Canadian Entrance Panel Grounding

Hello, One part of the grounding electrode system on my 60 amp panel runs through a #6 stranded wire to the top of a rod in the ground. This rod was placed decades ago and I assume it is was driven perpendicularly, I do not know how long it is. The other wire used to go to a metal water pipe that came out of the earth. The metal pipes were removed when we hooked up a pump with plastic tubing. My question: How do I reconstruct this part of the electrode system? Can I drive another 1/2" x 6-8 ft copper grounding rod and attach the #6 cable to it? How far must it be from the other electrode? Can it be laid flat if it can't be driven perpendicularliy? Since this is the grounding electrode, is it safe to work on this while the panel is energized? Thank you all for your help. PS - Is there a way to test a grounding electrode system, or, do you simply re-tork the connections periodically and visually inspect for cable damage?
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They're often not quite vertical, especially if they hit bedrock.

Pretty well.

Assuming the original installation was inspected, just matching approximately where the pipe connection used to be should be fine.

You'd be surprised how easy these things are to drive given a 10lb sledge or a proper "driver". Driving in at an angle is acceptable. You want to get it down into undisturbed dirt if possible.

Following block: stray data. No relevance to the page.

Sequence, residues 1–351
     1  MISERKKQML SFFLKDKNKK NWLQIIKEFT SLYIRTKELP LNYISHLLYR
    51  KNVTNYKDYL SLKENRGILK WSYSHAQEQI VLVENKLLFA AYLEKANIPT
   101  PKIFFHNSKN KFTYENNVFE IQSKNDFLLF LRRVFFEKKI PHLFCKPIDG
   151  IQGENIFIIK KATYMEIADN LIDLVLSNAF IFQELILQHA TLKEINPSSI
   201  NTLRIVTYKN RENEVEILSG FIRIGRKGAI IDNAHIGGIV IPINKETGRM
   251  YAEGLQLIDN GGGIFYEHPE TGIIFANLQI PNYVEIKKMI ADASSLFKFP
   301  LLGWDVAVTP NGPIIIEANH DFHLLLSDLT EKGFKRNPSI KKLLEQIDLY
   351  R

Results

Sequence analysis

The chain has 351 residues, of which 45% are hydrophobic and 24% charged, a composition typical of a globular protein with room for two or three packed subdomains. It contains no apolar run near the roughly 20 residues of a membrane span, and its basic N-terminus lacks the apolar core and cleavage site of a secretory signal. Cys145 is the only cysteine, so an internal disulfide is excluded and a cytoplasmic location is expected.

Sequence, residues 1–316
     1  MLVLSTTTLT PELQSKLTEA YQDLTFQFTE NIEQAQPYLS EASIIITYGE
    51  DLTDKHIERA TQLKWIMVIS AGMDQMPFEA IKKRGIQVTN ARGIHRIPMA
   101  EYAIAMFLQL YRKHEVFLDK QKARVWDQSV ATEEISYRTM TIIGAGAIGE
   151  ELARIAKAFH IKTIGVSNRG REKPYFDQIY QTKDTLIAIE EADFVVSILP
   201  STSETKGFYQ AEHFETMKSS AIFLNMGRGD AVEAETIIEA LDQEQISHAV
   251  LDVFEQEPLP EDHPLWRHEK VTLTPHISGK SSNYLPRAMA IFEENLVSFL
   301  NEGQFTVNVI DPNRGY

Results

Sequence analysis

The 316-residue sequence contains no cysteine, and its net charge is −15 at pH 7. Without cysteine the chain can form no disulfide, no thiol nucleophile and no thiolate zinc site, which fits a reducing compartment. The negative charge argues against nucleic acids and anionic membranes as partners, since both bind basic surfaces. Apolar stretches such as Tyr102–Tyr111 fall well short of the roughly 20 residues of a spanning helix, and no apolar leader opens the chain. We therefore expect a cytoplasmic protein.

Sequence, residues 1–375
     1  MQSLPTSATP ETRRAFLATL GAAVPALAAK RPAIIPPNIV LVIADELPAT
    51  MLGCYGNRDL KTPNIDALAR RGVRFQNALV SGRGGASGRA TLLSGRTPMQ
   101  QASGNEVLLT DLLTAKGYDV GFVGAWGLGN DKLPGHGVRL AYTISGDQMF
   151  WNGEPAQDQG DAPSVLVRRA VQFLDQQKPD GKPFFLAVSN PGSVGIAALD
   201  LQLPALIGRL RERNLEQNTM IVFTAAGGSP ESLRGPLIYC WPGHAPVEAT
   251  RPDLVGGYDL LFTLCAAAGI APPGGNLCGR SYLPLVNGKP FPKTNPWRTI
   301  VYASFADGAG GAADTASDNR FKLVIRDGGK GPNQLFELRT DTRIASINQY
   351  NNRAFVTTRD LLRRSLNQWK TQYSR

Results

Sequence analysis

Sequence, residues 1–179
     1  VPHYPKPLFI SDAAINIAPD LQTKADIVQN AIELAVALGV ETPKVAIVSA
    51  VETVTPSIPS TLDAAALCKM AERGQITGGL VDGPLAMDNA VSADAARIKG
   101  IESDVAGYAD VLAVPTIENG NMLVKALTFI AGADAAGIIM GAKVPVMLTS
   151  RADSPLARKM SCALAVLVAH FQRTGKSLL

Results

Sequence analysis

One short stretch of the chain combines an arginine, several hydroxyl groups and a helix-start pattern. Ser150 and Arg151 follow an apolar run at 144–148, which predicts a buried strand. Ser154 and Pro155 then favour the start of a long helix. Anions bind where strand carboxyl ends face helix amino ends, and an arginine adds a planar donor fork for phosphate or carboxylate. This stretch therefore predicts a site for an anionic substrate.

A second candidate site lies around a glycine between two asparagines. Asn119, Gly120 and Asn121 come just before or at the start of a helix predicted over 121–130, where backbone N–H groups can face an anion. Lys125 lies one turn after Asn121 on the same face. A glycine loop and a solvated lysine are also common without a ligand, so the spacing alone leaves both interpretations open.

Yes.
Code doesn't require testing (it's inspector-imposed rule of thumb actually), and there's no particular "standard" to achieve.
US NEC has something to say, but that doesn't apply.

Torque it properly once, bury and forget it.
Just make sure you have the right bar and clamps. Not just any old rebar.
--
Chris Lewis, Una confibula non set est
It's not just anyone who gets a Starship Cruiser class named after them.
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Thanks for the help. Is there a good reference book on the Canadian electric code? Where can I buy it? Thanks again.
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Knight's "<provincial> Electrical Code Simplified". Available virtually everywhere that sells electrical equipment (including Canadian Tire, Home Hardware etc). Should still be less than $15.
--
Chris Lewis, Una confibula non set est
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Electrical Code Simplified (6th edn. 1995) pub. P.S. Knight, Richmond BC based on the Ont. Elec. Safety Code, 21st edn. I bought mine in a specialist elec/plumbing store.
-- Don Phillipson Carlsbad Springs (Ottawa, Canada)
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